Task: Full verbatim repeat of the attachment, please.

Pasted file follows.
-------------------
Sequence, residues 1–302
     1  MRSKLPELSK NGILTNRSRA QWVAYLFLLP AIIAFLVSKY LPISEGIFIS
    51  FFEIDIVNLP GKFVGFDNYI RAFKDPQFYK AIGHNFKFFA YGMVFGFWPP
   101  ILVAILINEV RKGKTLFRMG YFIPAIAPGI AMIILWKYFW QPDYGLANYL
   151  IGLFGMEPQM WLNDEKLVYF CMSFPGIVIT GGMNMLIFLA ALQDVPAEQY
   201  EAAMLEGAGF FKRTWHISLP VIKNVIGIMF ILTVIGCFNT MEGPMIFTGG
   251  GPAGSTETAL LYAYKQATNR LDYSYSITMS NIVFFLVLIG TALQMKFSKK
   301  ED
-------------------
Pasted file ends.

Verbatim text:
Sequence, residues 1–302
     1  MRSKLPELSK NGILTNRSRA QWVAYLFLLP AIIAFLVSKY LPISEGIFIS
    51  FFEIDIVNLP GKFVGFDNYI RAFKDPQFYK AIGHNFKFFA YGMVFGFWPP
   101  ILVAILINEV RKGKTLFRMG YFIPAIAPGI AMIILWKYFW QPDYGLANYL
   151  IGLFGMEPQM WLNDEKLVYF CMSFPGIVIT GGMNMLIFLA ALQDVPAEQY
   201  EAAMLEGAGF FKRTWHISLP VIKNVIGIMF ILTVIGCFNT MEGPMIFTGG
   251  GPAGSTETAL LYAYKQATNR LDYSYSITMS NIVFFLVLIG TALQMKFSKK
   301  ED